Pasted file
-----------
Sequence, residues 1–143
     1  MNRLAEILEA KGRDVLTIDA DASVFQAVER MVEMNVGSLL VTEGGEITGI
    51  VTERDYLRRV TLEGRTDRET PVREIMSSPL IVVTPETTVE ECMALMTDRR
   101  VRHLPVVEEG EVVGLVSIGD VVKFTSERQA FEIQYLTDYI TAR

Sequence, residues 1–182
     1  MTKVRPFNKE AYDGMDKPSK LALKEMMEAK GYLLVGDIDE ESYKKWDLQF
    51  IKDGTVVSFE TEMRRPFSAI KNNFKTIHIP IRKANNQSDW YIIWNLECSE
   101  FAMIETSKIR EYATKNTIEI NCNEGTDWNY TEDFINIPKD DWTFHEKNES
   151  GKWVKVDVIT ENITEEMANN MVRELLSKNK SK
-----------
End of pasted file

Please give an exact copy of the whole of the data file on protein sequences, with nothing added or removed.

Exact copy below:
Sequence, residues 1–143
     1  MNRLAEILEA KGRDVLTIDA DASVFQAVER MVEMNVGSLL VTEGGEITGI
    51  VTERDYLRRV TLEGRTDRET PVREIMSSPL IVVTPETTVE ECMALMTDRR
   101  VRHLPVVEEG EVVGLVSIGD VVKFTSERQA FEIQYLTDYI TAR

Sequence, residues 1–182
     1  MTKVRPFNKE AYDGMDKPSK LALKEMMEAK GYLLVGDIDE ESYKKWDLQF
    51  IKDGTVVSFE TEMRRPFSAI KNNFKTIHIP IRKANNQSDW YIIWNLECSE
   101  FAMIETSKIR EYATKNTIEI NCNEGTDWNY TEDFINIPKD DWTFHEKNES
   151  GKWVKVDVIT ENITEEMANN MVRELLSKNK SK